Review: Cabaret’s Scandalous Atmosphere Shocks Audience

Photos

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Senior Julia Shatto, as fame-hungry Brit Sally Bowles, star of The Kit Kat Klub, performing her last number of the show, “Cabaret.” (Photo by Brendan O'Hara)Photo by Brendan O'HaraPhoto by Brendan O'HaraEmily Moore, Mary Coy, Carmen Fuentes, and Caitlin Cromer dance to the song “Money.” In this song, each girl was meant to represent a different world currency as signified by her costume. (Photo by Brendan O'Hara)Photo by Brendan O'HaraAs one of the sexy Kit Kat girls, Maria Tolbert performed the group number “Telephone.” Tolbert, as well as the other Kit Kat boys and girls, interacted with the audience before and during the show.  (Photo by Brendan O'Hara)

Upon first entering the Bruce Davis Theater in Montgomery Hall on Friday night in order to watch the school’s production of the musical Cabaret, the atmosphere can be a bit of a shock.

From the change in the set-up of audience seating and the live orchestra to the actors who walk around in fishnet tights and speak with German accents, the mood becomes drastically different.

When the advertisers of the production had mentioned that they wanted the theater to feel like the audience members were truly attending the Kit Kat Klub, the nightclub in which many of the play’s scenes take place, they weren’t joking around.

The entire audience section has been rearranged for the production’s seven showings of the play. The bleacher-like seating has mostly been taken down, with only two small sections remaining at the back of the theater, and a dozen or so tables have been put around the stage, which is what helps creates the nightclub-esque setting.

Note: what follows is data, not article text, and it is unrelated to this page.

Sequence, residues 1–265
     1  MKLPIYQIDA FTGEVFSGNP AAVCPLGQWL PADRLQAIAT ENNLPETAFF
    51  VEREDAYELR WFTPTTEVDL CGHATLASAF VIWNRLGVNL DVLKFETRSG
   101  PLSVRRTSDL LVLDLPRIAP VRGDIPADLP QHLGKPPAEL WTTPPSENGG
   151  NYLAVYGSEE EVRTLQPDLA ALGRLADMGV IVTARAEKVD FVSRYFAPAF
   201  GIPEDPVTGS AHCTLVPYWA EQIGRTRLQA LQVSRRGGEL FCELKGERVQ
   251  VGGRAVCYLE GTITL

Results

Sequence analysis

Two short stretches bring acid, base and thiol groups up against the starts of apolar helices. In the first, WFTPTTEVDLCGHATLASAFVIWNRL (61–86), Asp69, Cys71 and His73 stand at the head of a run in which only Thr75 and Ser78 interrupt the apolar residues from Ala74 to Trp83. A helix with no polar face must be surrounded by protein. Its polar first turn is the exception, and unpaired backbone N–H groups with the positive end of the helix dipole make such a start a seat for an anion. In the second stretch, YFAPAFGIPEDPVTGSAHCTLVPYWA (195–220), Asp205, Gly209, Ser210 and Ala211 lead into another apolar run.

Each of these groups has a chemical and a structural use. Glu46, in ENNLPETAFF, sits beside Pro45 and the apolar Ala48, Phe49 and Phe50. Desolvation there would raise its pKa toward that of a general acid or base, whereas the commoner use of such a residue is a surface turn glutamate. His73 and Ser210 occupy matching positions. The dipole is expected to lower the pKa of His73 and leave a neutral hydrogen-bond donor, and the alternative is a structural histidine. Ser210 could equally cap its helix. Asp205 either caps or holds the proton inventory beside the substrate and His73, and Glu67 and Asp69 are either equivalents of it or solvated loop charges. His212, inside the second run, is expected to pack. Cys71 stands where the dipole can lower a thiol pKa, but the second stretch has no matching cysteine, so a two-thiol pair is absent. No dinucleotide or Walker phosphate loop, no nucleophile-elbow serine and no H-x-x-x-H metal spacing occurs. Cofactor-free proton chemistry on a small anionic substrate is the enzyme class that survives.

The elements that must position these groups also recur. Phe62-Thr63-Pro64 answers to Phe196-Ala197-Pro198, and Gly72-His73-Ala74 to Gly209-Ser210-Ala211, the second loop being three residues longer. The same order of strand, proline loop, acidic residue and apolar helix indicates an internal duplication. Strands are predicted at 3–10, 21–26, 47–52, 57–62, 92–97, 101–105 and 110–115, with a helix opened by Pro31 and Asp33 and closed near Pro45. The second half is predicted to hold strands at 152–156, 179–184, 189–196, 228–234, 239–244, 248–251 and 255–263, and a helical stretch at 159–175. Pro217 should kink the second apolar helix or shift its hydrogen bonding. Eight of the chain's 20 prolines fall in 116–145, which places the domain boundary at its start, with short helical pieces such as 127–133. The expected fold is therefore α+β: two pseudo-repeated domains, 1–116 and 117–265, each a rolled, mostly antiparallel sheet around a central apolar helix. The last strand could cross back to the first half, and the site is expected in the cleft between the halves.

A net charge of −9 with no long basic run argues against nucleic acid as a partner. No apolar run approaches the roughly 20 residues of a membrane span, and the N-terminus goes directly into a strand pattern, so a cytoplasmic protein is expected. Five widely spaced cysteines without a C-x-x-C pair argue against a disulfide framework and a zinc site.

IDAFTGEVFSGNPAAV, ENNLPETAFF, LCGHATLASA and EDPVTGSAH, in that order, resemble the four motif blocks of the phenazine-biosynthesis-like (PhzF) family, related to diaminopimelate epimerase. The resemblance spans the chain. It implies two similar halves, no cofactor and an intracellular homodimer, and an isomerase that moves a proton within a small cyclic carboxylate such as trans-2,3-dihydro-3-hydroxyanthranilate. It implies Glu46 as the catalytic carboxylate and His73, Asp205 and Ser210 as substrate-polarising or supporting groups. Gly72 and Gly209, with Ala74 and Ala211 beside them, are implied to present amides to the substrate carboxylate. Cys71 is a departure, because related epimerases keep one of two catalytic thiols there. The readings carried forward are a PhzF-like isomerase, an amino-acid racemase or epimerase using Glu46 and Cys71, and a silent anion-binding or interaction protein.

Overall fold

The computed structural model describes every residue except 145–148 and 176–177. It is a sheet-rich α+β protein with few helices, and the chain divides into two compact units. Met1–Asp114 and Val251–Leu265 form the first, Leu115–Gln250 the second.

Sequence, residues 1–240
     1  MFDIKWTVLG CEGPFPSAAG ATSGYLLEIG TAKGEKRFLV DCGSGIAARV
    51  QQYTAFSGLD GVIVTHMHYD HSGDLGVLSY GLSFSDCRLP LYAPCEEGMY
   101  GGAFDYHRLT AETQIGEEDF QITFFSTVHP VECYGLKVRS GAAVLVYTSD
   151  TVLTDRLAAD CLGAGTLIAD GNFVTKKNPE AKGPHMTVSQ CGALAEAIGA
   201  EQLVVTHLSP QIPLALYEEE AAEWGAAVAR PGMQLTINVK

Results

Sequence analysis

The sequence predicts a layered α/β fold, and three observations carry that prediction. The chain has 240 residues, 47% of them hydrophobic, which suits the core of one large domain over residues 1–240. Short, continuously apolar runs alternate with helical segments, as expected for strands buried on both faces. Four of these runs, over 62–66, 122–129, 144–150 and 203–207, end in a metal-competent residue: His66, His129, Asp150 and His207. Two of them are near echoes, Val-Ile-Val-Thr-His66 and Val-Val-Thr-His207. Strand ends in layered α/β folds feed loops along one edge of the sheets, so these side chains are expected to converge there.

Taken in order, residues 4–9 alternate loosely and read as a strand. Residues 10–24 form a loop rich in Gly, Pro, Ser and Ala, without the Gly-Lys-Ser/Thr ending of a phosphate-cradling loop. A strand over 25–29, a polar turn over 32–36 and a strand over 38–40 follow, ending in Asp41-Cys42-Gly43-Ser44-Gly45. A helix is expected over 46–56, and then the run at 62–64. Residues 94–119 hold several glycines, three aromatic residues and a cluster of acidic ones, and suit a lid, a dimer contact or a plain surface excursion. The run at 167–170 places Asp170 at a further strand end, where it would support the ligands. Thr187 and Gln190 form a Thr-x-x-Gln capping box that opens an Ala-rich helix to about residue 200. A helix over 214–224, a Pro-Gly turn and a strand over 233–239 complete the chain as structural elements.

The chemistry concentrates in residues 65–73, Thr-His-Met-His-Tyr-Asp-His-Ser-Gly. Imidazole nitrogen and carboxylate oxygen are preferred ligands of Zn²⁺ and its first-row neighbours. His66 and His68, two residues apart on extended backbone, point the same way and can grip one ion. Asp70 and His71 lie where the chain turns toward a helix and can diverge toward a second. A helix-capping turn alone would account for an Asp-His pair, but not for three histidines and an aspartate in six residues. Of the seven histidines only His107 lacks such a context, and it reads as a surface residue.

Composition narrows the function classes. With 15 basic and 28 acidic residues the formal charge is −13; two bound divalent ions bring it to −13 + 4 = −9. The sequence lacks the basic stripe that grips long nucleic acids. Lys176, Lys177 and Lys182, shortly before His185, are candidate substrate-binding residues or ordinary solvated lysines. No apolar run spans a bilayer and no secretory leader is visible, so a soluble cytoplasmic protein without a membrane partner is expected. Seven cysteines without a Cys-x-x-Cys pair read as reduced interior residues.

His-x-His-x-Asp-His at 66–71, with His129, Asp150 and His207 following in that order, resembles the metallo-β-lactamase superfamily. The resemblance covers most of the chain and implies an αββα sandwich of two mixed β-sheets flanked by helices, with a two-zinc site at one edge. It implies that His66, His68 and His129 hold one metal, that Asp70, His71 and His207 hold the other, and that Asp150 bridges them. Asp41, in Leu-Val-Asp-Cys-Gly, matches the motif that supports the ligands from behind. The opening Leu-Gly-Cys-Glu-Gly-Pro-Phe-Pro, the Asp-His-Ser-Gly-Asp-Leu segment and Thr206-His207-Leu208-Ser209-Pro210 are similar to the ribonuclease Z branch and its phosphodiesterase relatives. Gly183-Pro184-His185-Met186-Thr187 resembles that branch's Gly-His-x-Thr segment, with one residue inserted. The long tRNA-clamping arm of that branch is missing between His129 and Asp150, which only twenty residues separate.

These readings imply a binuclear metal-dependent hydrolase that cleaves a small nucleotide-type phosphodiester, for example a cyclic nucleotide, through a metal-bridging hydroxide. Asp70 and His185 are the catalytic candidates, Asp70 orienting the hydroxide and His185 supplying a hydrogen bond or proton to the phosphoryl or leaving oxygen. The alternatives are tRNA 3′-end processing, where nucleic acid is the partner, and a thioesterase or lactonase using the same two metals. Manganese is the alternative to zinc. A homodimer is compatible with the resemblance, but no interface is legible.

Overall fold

The doors are opened by the ushers forty-five minutes in advance in order to allow the audience time to find seats, snack on the pretzels that have been placed at every table, and order drinks from the actors who temporarily become waiters, while also staying in character.

Then, promptly at 8 o’clock, the production begins as a few of the Kit Kat Klub girls begin engaging in an altercation in the middle of the audience.

The playgoers, though, slowly become used to the mingling of the actors and actresses throughout the audience, as it happens fairly often during the two-and-a-half-hour production. Although this can cause some audience members to feel slightly uncomfortable, it still adds more to the whole experience.

From one of the Nazi officers plucking a pretzel off of one of the tables only to bite it and throw it back down at the audience, to (perhaps the cutest part of the play) Maria Tolbert dancing around the floor with a particularly young and enthusiastic child from the front row, these interactions reinforce the feel that the audience member is not only attending the Kit Kat Klub, but has become a part of the play itself.

A note of advice should be given, though: if you do not feel comfortable with actors mingling in the audience or touching you, it would be best to not sit in any of the front row or aisle seats.

Overall, though, most audience members seemed to highly enjoy the play. While the execution of the dancing could have been far better, the singing and acting were very well done.

Briana Manente and Daniel Glassberg, who played the love-stricken characters of Fräulein Schneider and Herr Schultz, added most of the comic relief that helped to break up the other political and promiscuous themes of the production.

The actors were all able to achieve decent replications of the stereotyped German accent for their parts, which at times weren’t comprehensible, but were still fairly well done.

The accents, along with the costumes that mainly consisted for both males and females of fishnets, bodices, and large amounts of uncovered skin, were helpful in achieving the atmosphere of the naughty and promiscuous 1930s Berlin nightlife.

The three remaining showings of Cabaret are scheduled for March 9-11 at 8 p.m. in the Bruce Davis Theater of Montgomery Hall.

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